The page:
Leesburg Council Adopts Higher Water and Sewer Rates

By Kafia A. Hosh
Washington Post Staff Writer
Sunday, August 16, 2009

Water and sewer rates will go up next month for Leesburg residents, and out-of-town customers of the public utility system will see a one-time reduction of rates before their bills also increase next year.

The Town Council narrowly voted for the annual rate increases during its meeting Tuesday, despite objections from more than two dozen customers from Leesburg and out of town.

Leesburg was under a court order to repeal the 100 percent surcharge that it imposes on out-of-town customers.

In a lawsuit filed in 2006 by several out-of-town customers, Loudoun County Circuit Judge Thomas D. Horne ruled in March that the surcharge was unreasonably high and unlawful under the state code. He ordered the town to set new rates by Sept. 1.

The town hired an outside consultant to conduct a rate study to create fees in compliance with Horne's order calling for a lower surcharge. Out-of-town residents will have water and sewer surcharges of 41 and 52 percent, respectively, through fiscal 2014.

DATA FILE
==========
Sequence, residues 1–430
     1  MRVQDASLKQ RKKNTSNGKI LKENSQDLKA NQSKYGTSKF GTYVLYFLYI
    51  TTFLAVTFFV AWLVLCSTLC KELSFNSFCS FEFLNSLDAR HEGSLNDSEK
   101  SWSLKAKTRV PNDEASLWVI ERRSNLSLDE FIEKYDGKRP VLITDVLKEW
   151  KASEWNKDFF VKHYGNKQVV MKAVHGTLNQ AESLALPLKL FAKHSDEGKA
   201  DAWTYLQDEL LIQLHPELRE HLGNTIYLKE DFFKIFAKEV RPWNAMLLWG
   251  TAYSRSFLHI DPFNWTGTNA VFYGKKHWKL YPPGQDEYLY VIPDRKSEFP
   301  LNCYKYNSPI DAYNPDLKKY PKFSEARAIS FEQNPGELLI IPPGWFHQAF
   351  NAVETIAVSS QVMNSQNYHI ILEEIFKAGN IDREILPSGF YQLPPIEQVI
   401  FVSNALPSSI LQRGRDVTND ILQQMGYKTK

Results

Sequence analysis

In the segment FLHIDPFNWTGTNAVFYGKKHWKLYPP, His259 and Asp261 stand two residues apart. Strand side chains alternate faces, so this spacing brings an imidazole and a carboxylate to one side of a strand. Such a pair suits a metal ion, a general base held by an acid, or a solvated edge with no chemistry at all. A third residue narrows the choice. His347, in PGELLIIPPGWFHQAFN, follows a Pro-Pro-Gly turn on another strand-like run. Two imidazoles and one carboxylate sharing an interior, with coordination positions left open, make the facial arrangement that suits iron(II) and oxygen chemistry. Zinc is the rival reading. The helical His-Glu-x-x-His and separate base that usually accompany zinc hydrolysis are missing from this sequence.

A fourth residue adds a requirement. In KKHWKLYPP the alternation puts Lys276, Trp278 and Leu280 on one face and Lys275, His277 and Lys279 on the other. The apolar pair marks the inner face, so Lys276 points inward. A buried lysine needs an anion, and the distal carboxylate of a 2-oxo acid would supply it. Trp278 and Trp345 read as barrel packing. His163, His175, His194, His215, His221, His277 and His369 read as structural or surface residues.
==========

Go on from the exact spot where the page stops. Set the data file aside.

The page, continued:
Out-of-town customers will see a one-time 26 percent reduction in their water rates and a 20 percent reduction in their sewer rates this year. The quarterly bill for an out-of-town customer who uses an average of 18,000 gallons of water will go from $285.30 to $225.18

Water and sewer rates for out-of-town customers will increase by 5 percent over the next two years and then by 4 and 3 percent in fiscal 2013 and 2014.

Town residents will see a 5 percent increase in their water and sewer rates over the next three years, and then a 4 and 3 percent increase in fiscal 2013 and 2014. The quarterly bill for a resident who uses an average of 18,000 gallons of water will increase from $148.86 to $157.50.

Residents and out-of-town customers objected to the new rate structure.

Stewart Curley, a spokesman for the out-of-town residents who successfully sued Leesburg, said their water and sewer bills will go up an average of 10 percent under the new structure.

"We're trying to see where the relief is that we thought was in the court order," he said. "We're not sure that this is a fair or equitable structure."

Other residents complained that under the new rates, the town will base sewer charges on 100 percent of water consumption. Sewer charges had been assessed using the winter quarter method, which is a snapshot of consumption during the winter, when customers' water use is mostly limited to indoors.

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